Are you thinking about buying a place in a retirement village complex?
Make sure you make the right decision for you — contact our retirement village expert, Carolyn Ranson today.
18 June, 2013 | Carolyn Ranson
An occupation licence is a personal right only. You do not own the property, but you have a contractual right to occupy that particular dwelling. That right is secured on your behalf. Unlike normal property ownership, you are not usually able to mortgage the property or register any other interests such as a caveat against the certificate of title. You cannot sell or transfer the right to occupy.
Some villages allow for the purchase of the occupation right in the name of a family trust. Others take the view that this is a personal right only and cannot be owned by a trust.
Unlike a usual residential property purchase, you are usually not entitled to any capital gain from the resale of the property after termination. However, if the property sells for an amount that is less than the original purchase price, then the Village is usually able to charge you for the difference, and you may have carry the capital loss.
The full purchase price (sometimes referred to as a capital payment) usually includes a membership or amenities fee of approximately 25% or 30% of the full purchase price.
This fee amortises (or depreciates) over 3 or 4 years on a pro-rata basis. For example, if the period specified is 3 years and you leave the village within 3 years, a portion of this will be refunded. If you leave after 3 years, it will have fully depreciated and the amount you will receive back upon termination of the occupation right or licence will be the full purchase price you paid less the membership or amenities fee (usually 25% or 30%).
A topical subject in view of recent events in New Zealand is the situation you may find yourself in if the property is damaged by fire, earthquake or storm etc. The Village is not usually obligated to expend any more money to reinstate than it receives under its insurance.
If the money received is not deemed to be adequate or the Village decides not to rebuild then it usually terminates the occupation right agreement.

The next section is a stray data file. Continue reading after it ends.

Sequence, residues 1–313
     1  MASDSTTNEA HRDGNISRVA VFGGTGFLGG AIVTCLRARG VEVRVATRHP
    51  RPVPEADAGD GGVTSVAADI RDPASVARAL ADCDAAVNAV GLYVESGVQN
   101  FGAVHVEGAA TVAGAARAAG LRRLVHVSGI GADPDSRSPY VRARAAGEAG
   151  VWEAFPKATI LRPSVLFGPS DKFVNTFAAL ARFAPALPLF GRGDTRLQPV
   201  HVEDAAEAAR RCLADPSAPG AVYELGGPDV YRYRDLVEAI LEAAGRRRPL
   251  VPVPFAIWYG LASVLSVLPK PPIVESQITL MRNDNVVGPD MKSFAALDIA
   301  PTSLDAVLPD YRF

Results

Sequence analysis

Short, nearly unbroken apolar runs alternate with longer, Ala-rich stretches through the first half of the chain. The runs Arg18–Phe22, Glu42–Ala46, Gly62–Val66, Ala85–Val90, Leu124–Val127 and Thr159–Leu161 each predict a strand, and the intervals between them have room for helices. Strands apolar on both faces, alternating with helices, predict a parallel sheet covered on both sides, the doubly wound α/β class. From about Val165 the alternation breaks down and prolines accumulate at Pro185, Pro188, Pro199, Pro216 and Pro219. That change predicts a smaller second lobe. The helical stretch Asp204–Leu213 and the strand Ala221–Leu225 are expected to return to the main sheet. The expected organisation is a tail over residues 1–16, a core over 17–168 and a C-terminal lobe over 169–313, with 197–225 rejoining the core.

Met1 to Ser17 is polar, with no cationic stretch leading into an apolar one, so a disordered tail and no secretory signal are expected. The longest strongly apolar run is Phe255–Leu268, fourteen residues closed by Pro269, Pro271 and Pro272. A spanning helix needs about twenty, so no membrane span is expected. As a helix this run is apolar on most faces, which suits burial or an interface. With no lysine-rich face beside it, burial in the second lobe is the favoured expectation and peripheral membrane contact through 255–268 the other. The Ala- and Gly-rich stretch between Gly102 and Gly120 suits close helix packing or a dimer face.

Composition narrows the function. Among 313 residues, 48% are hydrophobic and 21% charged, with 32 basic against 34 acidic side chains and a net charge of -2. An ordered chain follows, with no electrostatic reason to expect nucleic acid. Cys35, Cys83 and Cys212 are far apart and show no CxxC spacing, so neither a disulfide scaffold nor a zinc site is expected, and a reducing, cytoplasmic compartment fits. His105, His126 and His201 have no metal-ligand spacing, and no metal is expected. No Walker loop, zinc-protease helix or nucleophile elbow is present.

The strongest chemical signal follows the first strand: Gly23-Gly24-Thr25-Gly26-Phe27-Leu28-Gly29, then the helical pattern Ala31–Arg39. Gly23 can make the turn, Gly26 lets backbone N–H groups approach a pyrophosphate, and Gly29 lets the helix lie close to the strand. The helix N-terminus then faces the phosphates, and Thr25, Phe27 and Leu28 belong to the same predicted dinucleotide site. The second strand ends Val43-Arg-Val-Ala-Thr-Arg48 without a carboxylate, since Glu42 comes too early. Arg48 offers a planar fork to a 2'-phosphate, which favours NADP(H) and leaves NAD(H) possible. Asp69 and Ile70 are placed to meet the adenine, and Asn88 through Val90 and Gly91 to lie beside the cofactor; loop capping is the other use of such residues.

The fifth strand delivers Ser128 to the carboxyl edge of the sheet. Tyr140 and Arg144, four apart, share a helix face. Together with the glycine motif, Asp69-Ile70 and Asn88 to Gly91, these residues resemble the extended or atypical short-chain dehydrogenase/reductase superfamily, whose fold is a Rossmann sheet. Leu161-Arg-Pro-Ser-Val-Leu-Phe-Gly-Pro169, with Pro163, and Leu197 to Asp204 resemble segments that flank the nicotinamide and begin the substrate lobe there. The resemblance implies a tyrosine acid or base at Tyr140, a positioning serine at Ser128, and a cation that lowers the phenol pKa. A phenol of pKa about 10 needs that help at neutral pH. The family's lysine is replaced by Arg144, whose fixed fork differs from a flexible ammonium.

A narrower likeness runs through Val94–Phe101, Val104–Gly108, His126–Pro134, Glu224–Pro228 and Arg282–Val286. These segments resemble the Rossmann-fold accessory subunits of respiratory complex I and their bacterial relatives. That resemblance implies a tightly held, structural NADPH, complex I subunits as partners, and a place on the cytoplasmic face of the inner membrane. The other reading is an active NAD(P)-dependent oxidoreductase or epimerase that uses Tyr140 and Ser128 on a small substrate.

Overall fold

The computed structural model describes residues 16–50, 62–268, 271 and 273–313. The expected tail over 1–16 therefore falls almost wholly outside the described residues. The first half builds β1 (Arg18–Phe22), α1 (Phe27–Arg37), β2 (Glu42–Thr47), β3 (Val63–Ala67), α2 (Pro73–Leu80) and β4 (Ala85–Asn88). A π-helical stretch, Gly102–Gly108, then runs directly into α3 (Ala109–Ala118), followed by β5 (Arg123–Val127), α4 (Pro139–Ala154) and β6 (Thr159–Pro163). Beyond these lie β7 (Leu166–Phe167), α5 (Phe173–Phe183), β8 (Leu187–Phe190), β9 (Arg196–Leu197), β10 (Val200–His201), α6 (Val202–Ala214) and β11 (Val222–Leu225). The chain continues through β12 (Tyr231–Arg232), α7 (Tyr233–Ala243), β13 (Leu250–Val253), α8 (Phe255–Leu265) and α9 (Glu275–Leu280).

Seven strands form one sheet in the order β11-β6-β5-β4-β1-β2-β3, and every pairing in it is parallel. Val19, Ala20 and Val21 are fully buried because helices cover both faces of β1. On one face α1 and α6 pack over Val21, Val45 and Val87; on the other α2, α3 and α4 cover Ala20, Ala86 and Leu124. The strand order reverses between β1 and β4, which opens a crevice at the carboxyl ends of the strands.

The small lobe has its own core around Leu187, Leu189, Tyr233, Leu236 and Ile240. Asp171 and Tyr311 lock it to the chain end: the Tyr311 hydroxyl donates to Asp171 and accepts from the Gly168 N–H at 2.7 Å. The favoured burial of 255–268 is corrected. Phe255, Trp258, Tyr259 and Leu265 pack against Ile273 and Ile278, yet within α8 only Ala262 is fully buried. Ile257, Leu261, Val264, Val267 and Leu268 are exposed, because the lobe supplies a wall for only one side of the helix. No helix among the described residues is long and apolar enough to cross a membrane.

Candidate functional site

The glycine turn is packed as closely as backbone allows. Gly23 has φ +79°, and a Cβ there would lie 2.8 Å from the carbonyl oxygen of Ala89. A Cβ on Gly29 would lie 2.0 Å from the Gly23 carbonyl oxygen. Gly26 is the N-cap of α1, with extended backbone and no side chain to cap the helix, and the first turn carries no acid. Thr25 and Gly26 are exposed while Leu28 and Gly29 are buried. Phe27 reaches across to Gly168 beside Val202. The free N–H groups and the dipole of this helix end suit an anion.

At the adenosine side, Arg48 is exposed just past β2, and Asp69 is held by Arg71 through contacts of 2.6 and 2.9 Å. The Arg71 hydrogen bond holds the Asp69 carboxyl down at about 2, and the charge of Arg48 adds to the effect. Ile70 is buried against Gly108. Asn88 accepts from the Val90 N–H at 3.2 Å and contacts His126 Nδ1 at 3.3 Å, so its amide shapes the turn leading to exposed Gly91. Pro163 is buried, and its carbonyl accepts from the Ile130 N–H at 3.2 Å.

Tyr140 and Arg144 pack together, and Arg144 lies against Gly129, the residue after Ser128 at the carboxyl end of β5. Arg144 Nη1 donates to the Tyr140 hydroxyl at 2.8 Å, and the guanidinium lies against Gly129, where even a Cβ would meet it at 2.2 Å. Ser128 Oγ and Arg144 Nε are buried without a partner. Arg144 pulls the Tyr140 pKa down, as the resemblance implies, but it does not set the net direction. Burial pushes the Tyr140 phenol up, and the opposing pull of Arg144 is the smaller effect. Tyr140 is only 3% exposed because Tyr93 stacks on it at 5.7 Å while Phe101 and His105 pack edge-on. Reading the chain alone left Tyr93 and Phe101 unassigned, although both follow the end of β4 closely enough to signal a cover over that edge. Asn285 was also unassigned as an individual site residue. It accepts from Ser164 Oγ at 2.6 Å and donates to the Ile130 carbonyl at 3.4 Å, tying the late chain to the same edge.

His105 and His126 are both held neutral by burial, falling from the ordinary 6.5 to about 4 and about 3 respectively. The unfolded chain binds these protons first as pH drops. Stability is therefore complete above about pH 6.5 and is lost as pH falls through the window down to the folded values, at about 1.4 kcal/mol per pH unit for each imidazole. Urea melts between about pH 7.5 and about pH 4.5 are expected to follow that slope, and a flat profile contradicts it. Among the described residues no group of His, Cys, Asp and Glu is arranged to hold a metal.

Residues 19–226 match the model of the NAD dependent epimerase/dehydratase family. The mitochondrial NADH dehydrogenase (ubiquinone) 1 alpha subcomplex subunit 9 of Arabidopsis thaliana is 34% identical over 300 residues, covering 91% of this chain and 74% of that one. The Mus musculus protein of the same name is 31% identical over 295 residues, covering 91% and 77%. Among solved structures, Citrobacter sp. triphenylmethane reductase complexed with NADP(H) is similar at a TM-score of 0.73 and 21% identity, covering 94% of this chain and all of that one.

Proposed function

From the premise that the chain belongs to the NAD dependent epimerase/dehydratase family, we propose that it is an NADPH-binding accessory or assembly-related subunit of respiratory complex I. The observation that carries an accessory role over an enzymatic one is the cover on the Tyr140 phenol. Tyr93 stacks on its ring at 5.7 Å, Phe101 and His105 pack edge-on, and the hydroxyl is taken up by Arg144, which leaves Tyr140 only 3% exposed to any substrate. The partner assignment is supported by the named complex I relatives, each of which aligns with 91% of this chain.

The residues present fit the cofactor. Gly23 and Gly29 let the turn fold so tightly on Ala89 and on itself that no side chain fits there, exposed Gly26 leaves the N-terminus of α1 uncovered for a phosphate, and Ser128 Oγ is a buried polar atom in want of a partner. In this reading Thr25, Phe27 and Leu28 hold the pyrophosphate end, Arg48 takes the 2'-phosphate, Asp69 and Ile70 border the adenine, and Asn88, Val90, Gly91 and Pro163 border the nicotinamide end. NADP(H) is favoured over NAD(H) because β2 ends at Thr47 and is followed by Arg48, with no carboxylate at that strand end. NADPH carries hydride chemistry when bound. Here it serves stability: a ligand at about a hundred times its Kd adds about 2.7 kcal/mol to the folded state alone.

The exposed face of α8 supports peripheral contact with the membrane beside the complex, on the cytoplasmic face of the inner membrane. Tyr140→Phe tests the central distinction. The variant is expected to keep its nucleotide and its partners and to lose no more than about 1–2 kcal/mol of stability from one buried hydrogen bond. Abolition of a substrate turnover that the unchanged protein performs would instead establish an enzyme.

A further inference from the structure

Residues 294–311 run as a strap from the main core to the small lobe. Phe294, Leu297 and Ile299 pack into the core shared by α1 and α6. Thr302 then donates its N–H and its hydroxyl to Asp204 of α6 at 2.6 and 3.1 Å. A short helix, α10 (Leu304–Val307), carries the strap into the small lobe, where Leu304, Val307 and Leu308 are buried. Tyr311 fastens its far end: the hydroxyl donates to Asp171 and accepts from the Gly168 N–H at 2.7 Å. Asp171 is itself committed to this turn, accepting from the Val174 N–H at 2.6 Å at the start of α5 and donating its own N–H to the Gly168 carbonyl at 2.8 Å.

Alternative accommodation, while the property is being reinstated, may be at your cost or the cost of the Village.
If the Village is not rebuilt, your ability to purchase a replacement dwelling elsewhere may be severely compromised. This is especially the case in a rising market.Village operators differ as to whether the membership fee portion of the original entry payment will not be deducted from the repayment amount in this situation.
In addition to the obvious right to live in your unit, other rights and obligations under the agreement should be carefully considered and understood. These might include:
Further down the track you might want to transfer to another dwelling within the Village, such as a serviced apartment. In this case, you will usually have to terminate your existing occupation right agreement, as if you were leaving the Village. The amount that is repaid to you will be put towards the amount you will be required to pay for the new dwelling, which will be at the current market price at that time.
A major consideration will be whether the amount returned to you is going to be enough to purchase the new dwelling, especially if the market price of dwellings in the Village increases. You may also be required to pay a further membership fee.
It is a usual requirement, for obvious reasons, that you have current Enduring Powers of Attorney and a valid Will in place as a condition of entrance to the Village. An elder law specialist will be able to prepare these documents for you.
15 July, 2009 | Carolyn Ranson
16 February, 2012 | Carolyn Ranson
23 March, 2012 | Carolyn Ranson
5 April, 2012 | Carolyn Ranson